Christopher Dodd Yata BBC David Attenborough Netflix World Wildlife Fund Nikki Rust Julia Jones Attenborough Cramps Newcastle University Ross Scientist Russ UK Madagascar Sixty Seconds Fifteen Percent
Eavesdropping Puts Anxious Squirrels at Ease

60-Second Science

02:21 min | 2 years ago

Eavesdropping Puts Anxious Squirrels at Ease

"This is scientific. Americans sixty seconds science. I'm Christopher Dodd. Yata seems like anytime you see a squirrel. It's busy doing something pink headed somewhere scrounging for food and being out in about all the time also means era tasty morsels for a lot of different predators. Keith target a behavioral ecologist at at Overland College. He says squirrels scan their surroundings for hawks and owls cats and foxes but they also have another surveillance system. They eavesdrop on nearby. Birds BIRT's eavesdropping on alarm calls or eavesdropping on chatter is a cheap and easy way to supplement the information that they have access to because it's free it's produced by other individuals in the environment. It's publicly available to any organism that has the cognitive ability to recognize interpret that information tarvisio colleague Marie Lillie tested that ability by riding around town on her bicycle stopping when she found a squirrel then she'd set up her equipment play the fearsome fearsome scream of a red tailed hawk and then either play the casual unworried chatter of songbirds chiefs or ambient noise as a control all the while she observed the squirrels behavior and she noticed that when squirrels heard the reassuring chatter of songbirds following the Hawks doc scream they relaxed more readily. Imagine this if you're walking in a crowd and everyone seems pretty happy and content and they're chit chatting with beach other. You might even subconsciously take that as information that all of those eyes and ears apparently seem to perceive the environment as being safe and we think the squirrels might be listening in on bird chatter in the same way the details are in the journal plus one and squirrels give back to the community to with their own alarm calls which might help other eavesdropping animals but in busy urban environments Tara and says that rich fabric brick of animal communication risks being drowned out by the loudest animals around us. Thanks for listening for scientific American sixty seconds sites. I'm Christopher.

Hawks Christopher Dodd Yata Marie Lillie Overland College Keith Tara Sixty Seconds
Artificial Intelligence Sniffs Out Unsafe Foods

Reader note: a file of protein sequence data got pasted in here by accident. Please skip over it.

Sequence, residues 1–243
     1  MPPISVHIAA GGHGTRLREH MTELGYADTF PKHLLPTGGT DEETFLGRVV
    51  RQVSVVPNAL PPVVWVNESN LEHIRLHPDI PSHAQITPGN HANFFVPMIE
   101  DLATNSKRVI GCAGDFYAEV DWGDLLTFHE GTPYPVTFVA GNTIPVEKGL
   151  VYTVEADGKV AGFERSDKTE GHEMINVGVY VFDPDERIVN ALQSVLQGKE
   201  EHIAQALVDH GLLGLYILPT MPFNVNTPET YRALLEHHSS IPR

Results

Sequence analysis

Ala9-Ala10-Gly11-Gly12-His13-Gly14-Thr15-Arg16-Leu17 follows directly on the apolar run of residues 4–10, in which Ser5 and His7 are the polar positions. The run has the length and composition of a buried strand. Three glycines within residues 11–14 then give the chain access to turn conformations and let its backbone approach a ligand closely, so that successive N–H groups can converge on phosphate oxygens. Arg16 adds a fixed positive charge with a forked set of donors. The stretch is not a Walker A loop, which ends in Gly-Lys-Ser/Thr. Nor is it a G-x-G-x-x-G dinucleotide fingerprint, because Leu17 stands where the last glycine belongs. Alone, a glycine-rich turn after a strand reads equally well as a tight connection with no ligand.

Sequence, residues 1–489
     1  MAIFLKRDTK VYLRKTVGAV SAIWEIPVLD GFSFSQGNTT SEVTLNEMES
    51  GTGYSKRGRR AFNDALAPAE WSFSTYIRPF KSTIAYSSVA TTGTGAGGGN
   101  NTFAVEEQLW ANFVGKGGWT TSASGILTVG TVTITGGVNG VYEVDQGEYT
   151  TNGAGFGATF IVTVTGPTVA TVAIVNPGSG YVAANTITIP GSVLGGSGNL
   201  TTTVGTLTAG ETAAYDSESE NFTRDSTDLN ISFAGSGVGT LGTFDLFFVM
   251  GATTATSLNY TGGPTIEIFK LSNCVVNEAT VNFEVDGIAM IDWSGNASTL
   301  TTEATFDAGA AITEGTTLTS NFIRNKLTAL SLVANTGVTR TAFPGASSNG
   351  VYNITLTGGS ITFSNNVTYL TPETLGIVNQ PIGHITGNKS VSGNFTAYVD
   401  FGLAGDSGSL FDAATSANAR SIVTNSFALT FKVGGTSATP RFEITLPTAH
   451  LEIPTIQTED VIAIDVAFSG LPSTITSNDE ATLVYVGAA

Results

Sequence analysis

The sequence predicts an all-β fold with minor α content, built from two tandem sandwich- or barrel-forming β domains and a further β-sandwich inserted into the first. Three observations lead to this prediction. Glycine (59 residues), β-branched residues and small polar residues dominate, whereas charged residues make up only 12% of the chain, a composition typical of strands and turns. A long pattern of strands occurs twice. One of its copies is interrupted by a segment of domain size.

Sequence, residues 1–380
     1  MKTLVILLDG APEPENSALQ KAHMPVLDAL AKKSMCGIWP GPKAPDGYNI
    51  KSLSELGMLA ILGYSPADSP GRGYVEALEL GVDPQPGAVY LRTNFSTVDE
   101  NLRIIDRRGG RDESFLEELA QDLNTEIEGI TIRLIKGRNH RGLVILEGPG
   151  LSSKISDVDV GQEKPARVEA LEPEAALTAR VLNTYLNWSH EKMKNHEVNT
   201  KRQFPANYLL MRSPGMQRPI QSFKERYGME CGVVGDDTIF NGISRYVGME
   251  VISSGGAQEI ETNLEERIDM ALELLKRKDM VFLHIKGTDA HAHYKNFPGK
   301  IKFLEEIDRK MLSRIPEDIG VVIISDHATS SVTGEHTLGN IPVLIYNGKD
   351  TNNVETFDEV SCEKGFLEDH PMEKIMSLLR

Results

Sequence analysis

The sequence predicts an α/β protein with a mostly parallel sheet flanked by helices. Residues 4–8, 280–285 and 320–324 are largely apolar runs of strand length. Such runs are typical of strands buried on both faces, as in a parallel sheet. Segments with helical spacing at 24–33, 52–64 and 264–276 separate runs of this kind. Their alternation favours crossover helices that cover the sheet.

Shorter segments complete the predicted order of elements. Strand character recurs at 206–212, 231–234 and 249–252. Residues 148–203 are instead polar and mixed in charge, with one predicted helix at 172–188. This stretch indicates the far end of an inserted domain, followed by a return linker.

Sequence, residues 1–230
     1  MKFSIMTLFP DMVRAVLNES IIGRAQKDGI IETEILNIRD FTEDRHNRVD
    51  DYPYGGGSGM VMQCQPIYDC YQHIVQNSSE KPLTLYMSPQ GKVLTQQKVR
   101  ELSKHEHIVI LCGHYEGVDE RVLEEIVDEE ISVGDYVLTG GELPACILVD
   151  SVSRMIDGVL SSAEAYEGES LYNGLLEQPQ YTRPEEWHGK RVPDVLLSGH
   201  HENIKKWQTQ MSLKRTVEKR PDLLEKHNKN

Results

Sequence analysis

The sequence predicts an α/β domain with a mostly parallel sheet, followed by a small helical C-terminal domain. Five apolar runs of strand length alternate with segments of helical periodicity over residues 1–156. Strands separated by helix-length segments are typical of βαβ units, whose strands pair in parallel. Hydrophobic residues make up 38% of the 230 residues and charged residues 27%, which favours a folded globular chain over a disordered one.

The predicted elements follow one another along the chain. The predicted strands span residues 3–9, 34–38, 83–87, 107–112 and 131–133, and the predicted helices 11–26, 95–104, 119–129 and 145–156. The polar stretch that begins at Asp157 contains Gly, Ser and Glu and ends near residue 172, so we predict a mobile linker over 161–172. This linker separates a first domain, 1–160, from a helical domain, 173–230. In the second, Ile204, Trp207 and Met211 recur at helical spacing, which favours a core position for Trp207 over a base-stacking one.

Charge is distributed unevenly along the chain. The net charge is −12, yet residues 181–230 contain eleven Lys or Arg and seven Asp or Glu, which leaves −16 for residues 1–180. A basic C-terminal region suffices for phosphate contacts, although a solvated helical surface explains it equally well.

60-Second Science

01:58 min | 2 years ago

Artificial Intelligence Sniffs Out Unsafe Foods

"This is scientific. Americans sixty seconds science. I'm christopher dodd yata food and drug administration has to recall hundreds of foods is every year like cookie snack packs with chunks of blue plastic hiding inside or salmonella tainted taco seasoning or curry powder laced with lead he can take months before a recall is issued but now researchers have come up with a method that might fast track process leading to early detection and ultimately faster recalls the system relies on the fact that people increasingly by foods and spices online and people tend to write reviews of products they buy online which are like breadcrumbs to food safety officials sniffing out dangerous products. The researchers linked f._d._a. Food recalls from twenty twelve to twenty fourteen to amazon reviews of those same products they then train machine. Learning algorithms comes to differentiate between reviews for recalled items and reviews for items that had not been flagged and the trained algorithms rebel to predict f._d._a. Recalls three quarters of the time name the also identified another twenty thousand reviews for possibly unsafe foods most of which had never been recalled. The results are in the journal of the american medical informatics informatics association. The world health organization estimates that six hundred million people worldwide get sick annually from contaminated food and more than four hundred thousand people die from it so having tools that can enable us to detect. There's a lot of actor and hopefully investigated and <hes> do recalls faster would be useful not just in the u._s. Other countries around the wall show study author elaine and soya see of boston university. She did add one caveat. Even recalled hauled products can still get five star reviews so stars alone. Don't tell the whole sickening story. The proof and fortunately may still be in the pudding. Thanks for listening for scientific american sixty seconds science. I'm christopher indonesia.